June 21, 2002 | Pages 6 and 7
"DETECT AND neutralize" suspected terrorists. That's the guiding mission of the FBI's new security guidelines issued May 30 to fight the "war on terrorism."
The new tools at the feds' disposal include "online research," even if it isn't connected to an investigation--and agents' right to attend public meetings, such as religious and political events.
Add this to the broad police powers granted in the USA-PATRIOT Act, and it's clear that George W. Bush and his henchman John Ashcroft are trying to return to the days of the FBI's Counter Intelligence Program, or COINTELPRO.
They're using the fear of another terrorist attack like September 11 to strengthen their power to spy on political opponents. Here, ELIZABETH SCHULTE tells the dirty history of COINTELPRO--and how the federal government's goons were ultimately pushed back.
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FBI DIRECTOR J. Edgar Hoover officially began COINTELPRO in 1956, although the agency had unofficially been carrying out the program's goals for years. COINTELPRO's initial aim was to destroy the remnants of the Communist Party (CP) after it had been all but decimated by the McCarthyite witch-hunts of the early 1950s.
The FBI not only infiltrated the CP and kept surveillance files on its activities, but worked to sow divisions between members and destroy its reputation. According to late revelations, COINTELPRO tactics included sending fictional materials to CP members designed to "create dissention and cause disruption"; leaking information obtained by informants to the media; and adversely affecting credit or employment status.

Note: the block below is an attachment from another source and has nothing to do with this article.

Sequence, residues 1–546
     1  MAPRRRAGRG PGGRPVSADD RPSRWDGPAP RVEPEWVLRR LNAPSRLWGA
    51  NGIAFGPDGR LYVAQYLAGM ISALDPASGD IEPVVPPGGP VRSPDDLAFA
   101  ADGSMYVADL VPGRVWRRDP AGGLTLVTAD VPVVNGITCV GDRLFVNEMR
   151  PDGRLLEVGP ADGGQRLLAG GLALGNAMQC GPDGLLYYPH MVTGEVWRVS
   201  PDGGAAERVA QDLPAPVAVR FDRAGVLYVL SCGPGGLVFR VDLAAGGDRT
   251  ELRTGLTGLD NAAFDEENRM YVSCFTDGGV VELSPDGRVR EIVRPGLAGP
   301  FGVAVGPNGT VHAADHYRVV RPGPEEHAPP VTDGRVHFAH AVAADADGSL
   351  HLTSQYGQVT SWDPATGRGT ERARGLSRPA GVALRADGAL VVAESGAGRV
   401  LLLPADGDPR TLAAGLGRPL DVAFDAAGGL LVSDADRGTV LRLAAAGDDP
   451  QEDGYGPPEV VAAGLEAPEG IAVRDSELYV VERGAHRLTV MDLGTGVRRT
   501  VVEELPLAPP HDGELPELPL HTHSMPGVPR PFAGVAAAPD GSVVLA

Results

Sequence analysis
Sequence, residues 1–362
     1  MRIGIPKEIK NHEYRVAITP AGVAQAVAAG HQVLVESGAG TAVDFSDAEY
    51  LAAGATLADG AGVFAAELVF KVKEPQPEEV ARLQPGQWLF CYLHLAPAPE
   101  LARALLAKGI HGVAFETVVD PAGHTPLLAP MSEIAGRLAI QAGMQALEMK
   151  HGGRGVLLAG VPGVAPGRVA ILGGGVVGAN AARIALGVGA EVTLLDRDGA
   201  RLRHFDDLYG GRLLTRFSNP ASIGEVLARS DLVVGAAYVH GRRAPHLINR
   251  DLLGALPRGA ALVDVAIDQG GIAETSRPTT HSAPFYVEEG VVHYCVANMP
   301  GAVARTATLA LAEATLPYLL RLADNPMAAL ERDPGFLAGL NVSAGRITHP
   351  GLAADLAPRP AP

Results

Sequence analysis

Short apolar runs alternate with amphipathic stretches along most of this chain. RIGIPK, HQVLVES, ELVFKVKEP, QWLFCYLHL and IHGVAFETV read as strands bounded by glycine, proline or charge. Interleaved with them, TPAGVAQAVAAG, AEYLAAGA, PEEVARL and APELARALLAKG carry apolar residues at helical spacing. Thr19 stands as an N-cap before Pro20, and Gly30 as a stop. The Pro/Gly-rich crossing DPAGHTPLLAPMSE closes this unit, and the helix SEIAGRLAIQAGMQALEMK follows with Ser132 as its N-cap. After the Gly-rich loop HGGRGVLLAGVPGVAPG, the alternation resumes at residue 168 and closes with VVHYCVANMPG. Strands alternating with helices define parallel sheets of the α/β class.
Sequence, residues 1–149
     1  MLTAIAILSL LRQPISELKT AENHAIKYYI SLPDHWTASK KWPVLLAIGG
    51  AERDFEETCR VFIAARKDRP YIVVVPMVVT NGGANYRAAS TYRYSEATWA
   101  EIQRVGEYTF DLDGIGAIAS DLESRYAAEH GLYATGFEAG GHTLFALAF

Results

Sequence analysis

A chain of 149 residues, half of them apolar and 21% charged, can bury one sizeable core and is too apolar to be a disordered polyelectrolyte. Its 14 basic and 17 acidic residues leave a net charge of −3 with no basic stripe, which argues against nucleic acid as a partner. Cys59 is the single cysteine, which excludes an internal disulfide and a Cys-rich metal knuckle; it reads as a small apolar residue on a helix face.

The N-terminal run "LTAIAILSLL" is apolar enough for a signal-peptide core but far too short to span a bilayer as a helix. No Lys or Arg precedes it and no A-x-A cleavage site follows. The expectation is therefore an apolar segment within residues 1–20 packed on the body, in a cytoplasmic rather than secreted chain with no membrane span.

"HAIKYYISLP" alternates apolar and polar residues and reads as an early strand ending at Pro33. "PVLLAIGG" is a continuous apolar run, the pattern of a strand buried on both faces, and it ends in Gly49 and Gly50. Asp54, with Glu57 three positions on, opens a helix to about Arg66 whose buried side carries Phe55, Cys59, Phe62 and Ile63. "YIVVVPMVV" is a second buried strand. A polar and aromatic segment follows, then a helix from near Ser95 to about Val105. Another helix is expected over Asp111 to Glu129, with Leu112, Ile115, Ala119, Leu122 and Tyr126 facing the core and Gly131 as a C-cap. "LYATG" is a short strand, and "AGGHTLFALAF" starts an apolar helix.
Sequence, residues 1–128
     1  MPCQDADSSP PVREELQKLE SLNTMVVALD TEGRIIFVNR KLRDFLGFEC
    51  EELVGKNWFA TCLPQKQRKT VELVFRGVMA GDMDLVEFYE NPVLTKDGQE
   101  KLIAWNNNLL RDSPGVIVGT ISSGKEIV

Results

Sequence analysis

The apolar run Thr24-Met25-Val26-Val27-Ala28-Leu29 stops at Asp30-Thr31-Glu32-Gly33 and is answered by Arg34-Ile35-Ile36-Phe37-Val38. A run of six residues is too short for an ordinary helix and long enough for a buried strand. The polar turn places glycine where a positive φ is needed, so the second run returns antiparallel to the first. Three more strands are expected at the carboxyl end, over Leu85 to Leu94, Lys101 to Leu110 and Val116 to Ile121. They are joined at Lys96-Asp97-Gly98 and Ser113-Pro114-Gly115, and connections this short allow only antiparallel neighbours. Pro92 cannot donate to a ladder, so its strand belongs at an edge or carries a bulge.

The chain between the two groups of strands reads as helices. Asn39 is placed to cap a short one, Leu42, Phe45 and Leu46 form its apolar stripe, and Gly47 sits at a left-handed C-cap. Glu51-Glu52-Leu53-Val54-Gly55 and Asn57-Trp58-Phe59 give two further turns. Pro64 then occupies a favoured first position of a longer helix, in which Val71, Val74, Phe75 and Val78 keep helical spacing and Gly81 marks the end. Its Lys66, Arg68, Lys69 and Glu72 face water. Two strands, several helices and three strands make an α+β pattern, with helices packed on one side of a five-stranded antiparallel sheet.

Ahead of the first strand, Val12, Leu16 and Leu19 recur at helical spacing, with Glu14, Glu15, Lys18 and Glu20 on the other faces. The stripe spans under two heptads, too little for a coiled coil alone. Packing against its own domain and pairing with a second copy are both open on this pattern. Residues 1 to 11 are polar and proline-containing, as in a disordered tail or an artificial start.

Congress--Democrats and Republicans alike--made sure that the money flowed into the FBI's twisted scheme of dirty tricks. And the fear and paranoia whipped up during the Cold War made easy work of the FBI's goal of finishing off the CP.
But Hoover and his buddies had other fish to fry. COINTELPRO was also turned on the civil rights movement.
From 1946-60, the FBI operated 3,000 wiretaps and 800 bugs on the NAACP, a mainstream civil rights group. The feds targeted movement leaders like Martin Luther King, including cooking up a plot to get King to commit suicide by threatening to expose extramarital affairs. Opponents of the Vietnam War also faced the feds' attention.
But the FBI got especially busy in the late 1960s, with the explosion of urban rebellions in the North and the rise of revolutionary Black organizations like the Black Panther Party for Self-Defense.
The Panthers captured the mood of urban Blacks--anger at police brutality, racism and urban poverty--and drew many people to its revolutionary conclusions. The U.S. government set out to destroy the group, using a two-pronged approach--infiltrate and sow divisions, and cut off the organization at its head.
The assault on the Panthers was COINTELPRO's most extensive and vicious operation. In 1969, FBI agents in San Diego and Los Angeles stoked a conflict between the Panthers and a rival Black nationalist group, leading to deadly shootouts. Agents were sent into local chapters as agents provocateurs. But in other cases, the FBI was more direct, conducting regular raids and arrests at Panther headquarters.